Diagram Index : see also Cable hookup digital cable and TV
Antenna Hookup over-the-air digital and analog TV

Home wiring for over-the-air digital TV

Antenna wiring

After Feb. 17, 2009 most over-the-air TV broadcasts in the USA are going from analog to digital. The UHF (TV channels 14 to 69) and some VHF (TV channels 2 to 13) frequencies are still going to be used just like before but the signals will be in a digital format. This means old analog TV sets cannot pickup the signals directly because they have a built-in NTSC tuner. What is needed is an ATSC tuner which is what the digital TV sets have built in them. Buying a converter box allows you to continue using your old analog TV set because the box will receive the ATSC digital signals and convert them to NTSC so your analog TV can use them. Your old analog TV set will however not be able to show High-Definition video. It will max out at 480 lines of resolution which is what the typical CECB converter box outputs. High Def is 720 or 1080 lines of resolution. Your analog TV set will still be able to display VHS tapes from a VCR or DVD from your DVD player just like before.

What's new with digital TV:
Your old TV antenna may be all you need to get digital TV stations, particularly if you live in a large city. However, if you live more than 60 miles from the TV transmitting tower of a local TV station, you may find it difficult to get a signal strong enough to display on your TV. Even if you live well within the limits of TV transmissions, you may need to get a new TV antenna for the best reception. You may be able to pickup local TV stations with a simple indoor rabbit ears antenna just like before. There is nothing substantially different from the old VHF/UHF antennas and any new, so-called digital or HDTV antenna because the same basic UHF and VHF antennas are used. Yes, you can get High-Definition TV shows with a UHF (VHF) antenna. If you live within 20 miles of the TV tower, you may get away with using an indoor antenna. Any further away, you will most likely need an outdoor antenna.

Important antenna concepts to understand:

TV antennas are not all the same. There are TV antennas designed to pickup UHF signals and there are TV antennas designed to pickup VHF signals and there are TV antennas designed to pickup both UHF and VHF signals. Some TV antennas are highly directional while others are more non-directional. It is important to know where your TV station's transmitting tower is in relation to your antenna's location. Go to www.antennaweb.org and www.tvfool.com to find out where your local TV towers are located, what local TV channels you have and to find out about what kind of antenna you are likely to need.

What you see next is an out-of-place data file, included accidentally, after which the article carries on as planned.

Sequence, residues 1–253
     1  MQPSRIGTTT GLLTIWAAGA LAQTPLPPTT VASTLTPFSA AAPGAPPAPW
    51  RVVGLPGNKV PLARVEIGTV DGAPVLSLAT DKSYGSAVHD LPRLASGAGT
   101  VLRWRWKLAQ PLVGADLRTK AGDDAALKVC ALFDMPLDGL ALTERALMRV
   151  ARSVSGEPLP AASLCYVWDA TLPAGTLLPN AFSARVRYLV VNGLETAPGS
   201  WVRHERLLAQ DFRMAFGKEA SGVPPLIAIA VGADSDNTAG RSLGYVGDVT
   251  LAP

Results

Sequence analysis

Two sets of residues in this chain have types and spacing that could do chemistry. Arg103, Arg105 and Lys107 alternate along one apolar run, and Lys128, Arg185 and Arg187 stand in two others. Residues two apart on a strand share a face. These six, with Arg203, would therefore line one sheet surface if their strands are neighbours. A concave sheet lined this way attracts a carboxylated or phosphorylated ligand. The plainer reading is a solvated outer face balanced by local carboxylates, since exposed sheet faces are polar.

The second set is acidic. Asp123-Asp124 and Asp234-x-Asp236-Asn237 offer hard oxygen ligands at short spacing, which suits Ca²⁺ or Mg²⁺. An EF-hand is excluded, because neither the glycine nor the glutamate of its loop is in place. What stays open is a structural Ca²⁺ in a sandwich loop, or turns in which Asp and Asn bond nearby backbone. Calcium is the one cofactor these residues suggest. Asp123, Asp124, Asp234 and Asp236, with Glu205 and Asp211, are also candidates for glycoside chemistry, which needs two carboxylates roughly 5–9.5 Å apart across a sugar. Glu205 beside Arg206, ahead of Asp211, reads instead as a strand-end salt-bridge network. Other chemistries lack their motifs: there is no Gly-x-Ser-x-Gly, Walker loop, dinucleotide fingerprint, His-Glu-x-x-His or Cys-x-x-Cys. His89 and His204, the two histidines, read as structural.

Antenna Basics

There are many factors which determine how well you receive local over-the-air TV signals. These include but are not limited to:
o Your location - distance from TV transmitting tower and objects between TV tower and your antenna such as hills, trees, buildings.
o TV station's transmission power output.
o Your antenna - type, size, height, location and direction.
o Type of Cables from antenna to TV.
o Splitters in use for multiple TV sets which result in loss of signal strength.
o Signal amplifiers and distribution units.

Rotors (antenna rotators, motorized antenna aimers) - When a highly directional antenna is employed, a rotor becomes necessary when the desired stations are in multiple directions. A remote controlled rotator allows the user to "aim" or move the antenna in the direction of the desired TV station for better reception. Typically you can move the antenna in a circle about 360 degrees using a motor mounted to the antenna mast. You control the motor from inside the house. Wires connect the motor to an inside unit which can be remote controlled by the user. A rotor is a minor nuisance for analog stations, but it becomes a major problem for digital stations. This is because it takes 10 times longer to discover the correct aim for a DTV station. For weak stations it can take up to 10 minutes to achieve the optimum aim.

For an ideal rotor, the antenna would always point where the indoor controller indicated. Some rotors suffer ?creep?, a small directional error accumulation. The creep can build up during the short jerky movements typical during station searches, and soon the antenna is pointing far from where the dial said, making the dial calibrations useless. The Channel Master rotor has an infrared remote control. This rotor doesn?t suffer as much creep. But it can creep. The controller has a microprocessor that counts the number of times the rotor is used. After a certain number, the controller will recalibrate to eliminate the accumulated creep. It does this by rotating the antenna to the limit in one direction, then to the limit in the opposite direction, and then to the requested channel direction. If you must have a rotor, get one that is capable of this correction.